Grand Theft Auto 2 (PS1)

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In Grand Theft Auto 2, the sequel to two earlier GTA titles, your life of crime begins as down-on-his-luck Claude Speed, a recently released prisoner with no memory of how or why he was imprisoned via a cryogenically induced sleep. He does realize, however, that he's at the bottom of the food chain -- no job, no luck, no money and no where to go but up.

In this instance, "up" means the top of the criminal element's food chain -- he has aspirations of being the next crime lord of the city. Through manipulation of rival gangs, infiltration of criminally-based organizations or as a lone gunman with his sights set on the pinnacle of power -- the nefarious and dangerous underworld -- he plots and plans for that happy day.

Although his memory is lacking in some areas, it is perfectly clear when it comes to remembering how to claw, fight, steal and kill in order to achieve his goals. As a start, he falls back on the one skill he's absolutely sure about -- Grand Theft Auto. To begin his comeback in this particular realm of hell, his first act is a car-jacking that paves the way for future activities. To achieve this, he'll have to climb past a half dozen gangs made up of Russian and Japanese immigrants, lunatics, genetically altered zombies, religious freaks, drug dealers, psychotic leaders and more.

Once past those, he'll have to deal with the untouchable Zaibatsu Corporation, controllers of all abusive substances ("play-drugs") that are being used to systematically subjugate the population, especially Zoom Zoom -- in fact, their number one goal is world dominance through directly controlled consumerism.

As the game is being released for both PC and PlayStation at the same time (Oct 22, 1999), viable questions arise as to what is lost, if anything, in the translation. In a concession to the more limited power base of the PlayStation, there will be fewer cars and pedestrians on-screen at any given moment. However, this is offset by the use of more dynamic lighting than on the PC. All in all, not much is different between the versions -- the story remains the same as do the graphically enhanced and maneuverable automobiles.

During gameplay, there are literally hundreds of cars to choose from -- many with overtones reminiscent of cars from the mid- to early-20th century. Over 30 cars are featured, ranging from stylized versions of coupes, roadsters and sedans to modernized electric cars and supercharged cop cars. Gameplay still centers on the dark side of life -- drugs, gangs, thieves, killings, blackmail, corrupt military and government, rampant crime and overall moral decay.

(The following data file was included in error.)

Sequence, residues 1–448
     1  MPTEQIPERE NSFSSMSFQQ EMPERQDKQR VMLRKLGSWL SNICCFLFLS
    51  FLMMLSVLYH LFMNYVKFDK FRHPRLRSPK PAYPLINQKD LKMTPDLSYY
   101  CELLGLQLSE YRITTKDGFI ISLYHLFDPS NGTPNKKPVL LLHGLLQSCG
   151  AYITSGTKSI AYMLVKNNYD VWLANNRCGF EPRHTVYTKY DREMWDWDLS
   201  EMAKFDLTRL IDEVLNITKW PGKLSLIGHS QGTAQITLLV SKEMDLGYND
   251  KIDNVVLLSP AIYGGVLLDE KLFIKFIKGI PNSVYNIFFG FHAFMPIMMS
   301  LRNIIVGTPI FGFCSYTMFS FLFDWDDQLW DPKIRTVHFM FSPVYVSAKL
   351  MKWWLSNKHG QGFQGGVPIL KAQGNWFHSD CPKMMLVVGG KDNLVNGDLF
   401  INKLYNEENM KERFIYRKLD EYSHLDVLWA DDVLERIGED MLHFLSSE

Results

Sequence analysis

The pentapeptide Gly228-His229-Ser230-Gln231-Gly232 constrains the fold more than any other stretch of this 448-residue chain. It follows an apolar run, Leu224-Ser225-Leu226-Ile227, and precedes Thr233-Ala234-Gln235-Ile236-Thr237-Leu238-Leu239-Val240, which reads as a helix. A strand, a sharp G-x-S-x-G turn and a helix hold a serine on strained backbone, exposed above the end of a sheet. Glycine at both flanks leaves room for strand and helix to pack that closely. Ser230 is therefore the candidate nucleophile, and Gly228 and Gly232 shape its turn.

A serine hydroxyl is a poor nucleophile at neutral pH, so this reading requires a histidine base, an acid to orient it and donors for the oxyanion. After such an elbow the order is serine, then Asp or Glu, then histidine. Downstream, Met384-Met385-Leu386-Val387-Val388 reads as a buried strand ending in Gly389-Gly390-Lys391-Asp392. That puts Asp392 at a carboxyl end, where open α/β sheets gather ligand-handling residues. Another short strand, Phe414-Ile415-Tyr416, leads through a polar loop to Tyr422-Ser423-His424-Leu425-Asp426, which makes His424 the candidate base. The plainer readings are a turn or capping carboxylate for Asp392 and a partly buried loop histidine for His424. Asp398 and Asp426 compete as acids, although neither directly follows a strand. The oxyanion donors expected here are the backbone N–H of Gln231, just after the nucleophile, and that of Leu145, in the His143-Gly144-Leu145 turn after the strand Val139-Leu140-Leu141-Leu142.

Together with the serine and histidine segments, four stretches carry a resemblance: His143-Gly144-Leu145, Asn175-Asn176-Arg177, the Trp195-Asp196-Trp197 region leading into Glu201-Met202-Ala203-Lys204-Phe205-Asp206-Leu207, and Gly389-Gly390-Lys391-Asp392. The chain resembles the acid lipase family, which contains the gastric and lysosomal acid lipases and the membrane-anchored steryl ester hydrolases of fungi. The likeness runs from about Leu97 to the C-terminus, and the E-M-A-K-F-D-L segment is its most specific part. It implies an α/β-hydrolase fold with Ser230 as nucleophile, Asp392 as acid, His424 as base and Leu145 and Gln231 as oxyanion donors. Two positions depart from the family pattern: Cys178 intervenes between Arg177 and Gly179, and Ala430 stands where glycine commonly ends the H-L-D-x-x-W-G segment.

In the spin put on the world in Grand Theft Auto 2, however, the crime lords are feuding and fighting for control because the big-player (Zaibatsu Corporation) in this decadent society is an organization with fingers in everyone's pie. With its aforementioned lofty goal, this company will stop at nothing. Nor is any act that furthers their agenda toward this end too severe -- subjugation of society and the destabilization of the world population is in sight -- and Zaibatsu wants to help it along.

Success in Grand Theft Auto 2 requires you to develop a master plan with the reward being control of this earthbound hell. In your dealings with the gangs, you'd be advised to trust no one and cross and double-cross everyone. Use all means at your disposal to set the gangs against each other by fostering hate, fear and anger. Alternately, you can choose which crime bosses to work for and then strike from within when the timing is right.

The original GTA set the gaming world on its collective ear with its gritty and realistic portrayal of the seedy side of humanity. So much so, in fact, the worldwide public outcry by "morally sensitive" groups and some outraged censorship-minded opponents that was only fueled by the game's incredible embrace by fans of the genre (2.5 million copies sold as of 1999), still s